There are clean lines with dazzling water features and perfect symmetry, the use of limestone, marble and other stone work captures the beauty of this garden. It was interesting all the gardens are of a rectangular nature, but the planting lines are curved and use a blend of grasses and flowering plants to give it a lovely movement In the breeze.
Generally the traditional Islamic garden is water and shade, not surprisingly since Islam came from and generally spread in a hot and arid climate. Unlike English gardens, which are often designed for walking, Islamic gardens are intended for rest and contemplation, thus there are many areas for viewing and sitting.
Earlier this summer I managed to juggle some time off to go four wheel driving and exploring in Washington state and the back country discovery route. This is a very remote area, which follows Mountain ridge line. We started from Portland Oregon travelling north east to the Canadian border.
As this was so remote it meant we had to carry everything from drinking water to tents, etc. The adventure took us through many types of terrain, from deep forest to open arid desert, and we also explored areas which had been destroyed by a wild fire. Some of the areas had been burned as recent as two years ago and others five plus.
From my experience when a fire sweeps through a forest it destroys everything but, the greenery will eventually grow back. It's a lot like looking at life and death at the same time. It's like a display of history in the forest. What I did learn was in some of these burnt areas, some of the older Douglas fir trees have survive as they have thicker bark, but the fire does clean the forest floor and it made us feel like being an alien in the forest. It has the isolation and remoteness that not many people would experience.
Fires in the landscape can be a good thing like in Australia, there the bush fires are a natural cycle in nature and are needed for regeneration of species. But here in North America they destroy just about everything and can take decades before they recover, and in most cases need human intervention for replanting. We need to think about putting a value on trees that are alive and not cut down.
While completing my Masters in Landscape Architecture, I spent over a year researching and writing about the use of a garden and landscape for recovering alcoholics. Below are the highlights from a design project that resulted from my research, which is now being considered for publication:
For recovering alcoholics, taking a life that is going in a negative direction and turning it around into something positive, is a starting point in the healing process. This is the theme I used for this design when I realized that the site chosen for this project was negative space.
Just as a recovering alcoholic’s life can be rediscovered and reframed as a positive identity, a mature tree was re-framed as a gathering place in the new design. While not beautiful, the tree had character. Shade from older trees cannot be replaced in just a few years, and this tree had a wide canopy. It provided a sense of place, history or heritage.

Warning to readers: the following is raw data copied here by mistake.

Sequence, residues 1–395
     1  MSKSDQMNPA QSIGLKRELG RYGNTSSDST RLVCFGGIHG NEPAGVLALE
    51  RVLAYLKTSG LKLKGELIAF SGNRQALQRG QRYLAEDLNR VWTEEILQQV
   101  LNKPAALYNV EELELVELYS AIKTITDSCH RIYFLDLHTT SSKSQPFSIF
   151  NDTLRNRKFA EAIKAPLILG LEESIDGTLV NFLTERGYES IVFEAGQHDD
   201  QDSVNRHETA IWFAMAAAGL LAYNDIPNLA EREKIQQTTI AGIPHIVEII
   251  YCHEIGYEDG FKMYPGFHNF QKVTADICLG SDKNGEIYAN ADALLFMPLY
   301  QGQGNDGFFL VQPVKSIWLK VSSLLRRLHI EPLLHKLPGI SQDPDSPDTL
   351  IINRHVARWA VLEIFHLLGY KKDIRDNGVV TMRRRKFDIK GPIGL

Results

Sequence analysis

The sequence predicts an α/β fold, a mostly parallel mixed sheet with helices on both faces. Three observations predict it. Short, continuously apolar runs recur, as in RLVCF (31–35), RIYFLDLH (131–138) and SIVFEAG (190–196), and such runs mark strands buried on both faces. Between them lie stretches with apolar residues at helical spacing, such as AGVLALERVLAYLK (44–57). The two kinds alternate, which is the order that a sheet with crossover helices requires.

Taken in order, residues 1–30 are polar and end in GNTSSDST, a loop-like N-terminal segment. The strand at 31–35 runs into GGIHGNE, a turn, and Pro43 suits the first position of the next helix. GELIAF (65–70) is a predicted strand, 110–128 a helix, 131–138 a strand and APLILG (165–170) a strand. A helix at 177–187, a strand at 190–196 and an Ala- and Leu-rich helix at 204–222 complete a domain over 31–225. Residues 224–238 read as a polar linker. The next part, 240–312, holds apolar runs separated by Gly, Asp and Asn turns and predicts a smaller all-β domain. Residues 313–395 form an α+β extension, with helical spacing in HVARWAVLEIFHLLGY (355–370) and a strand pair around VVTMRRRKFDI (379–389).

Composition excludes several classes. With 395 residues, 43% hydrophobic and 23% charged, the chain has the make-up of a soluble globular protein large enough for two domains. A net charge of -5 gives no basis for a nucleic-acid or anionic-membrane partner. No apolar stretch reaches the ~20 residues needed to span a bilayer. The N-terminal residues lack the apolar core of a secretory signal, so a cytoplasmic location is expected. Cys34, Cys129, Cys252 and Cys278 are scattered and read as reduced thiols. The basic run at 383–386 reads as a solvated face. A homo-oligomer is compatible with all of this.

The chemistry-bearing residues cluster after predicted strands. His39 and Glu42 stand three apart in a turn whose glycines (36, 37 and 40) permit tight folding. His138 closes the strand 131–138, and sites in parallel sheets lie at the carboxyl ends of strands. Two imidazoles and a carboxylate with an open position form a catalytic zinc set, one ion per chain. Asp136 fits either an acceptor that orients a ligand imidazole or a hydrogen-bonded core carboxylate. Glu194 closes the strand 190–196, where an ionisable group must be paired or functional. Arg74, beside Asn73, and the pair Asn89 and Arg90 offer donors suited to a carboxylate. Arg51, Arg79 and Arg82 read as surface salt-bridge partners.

Many alcoholics were unable to maintain their obligations in society, and they are often viewed as people who cannot be trusted. When they enter recovery, this is a hurdle to overcome because trust takes so long to rebuild. Sometimes it can never be rebuilt. That’s why new paths must be forged to carry on with a normal life again.
A big part of the social support for AA members is in the act of storytelling. It is a way to build community as stories are told and added into the collection of that group’s stories. The individual’s story is absorbed to become part of the collective story of the group that members can relate to and learn from. The group’s stories also help the healing process for recovering alcoholics who have suffered a significant amount of memory loss due to blackouts while under the influence of alcohol. A blackout is a time for which a person has no memory of their time or actions.
The healing garden has proven to be a great place for social interaction within a medical setting and is a strong component for social support. One activity directly related to landscape architecture is horticultural therapy. The sobriety park is designed to be a place where the users can work together to plant and maintain a garden. A sense of ownership is generated while caring for the plants. The garden becomes a part of them while their own history is a part of the garden’s history. When providing input into a space, they take some pride in their work and reap the rewards for their labors. Horticultural therapy can help to develop a sense of accomplishment, ownership and creative expression.
“Gardening combines physical, mental, and emotional involvement and stimulates an interest in the future. What makes horticultural therapy unique is that, unlike most other activity therapies, it is based on a living medium. Caring for a plant is comparable to establishing a contract with that plant. It requires someone with responsibility, time and energy.” (Gough 1986, 165)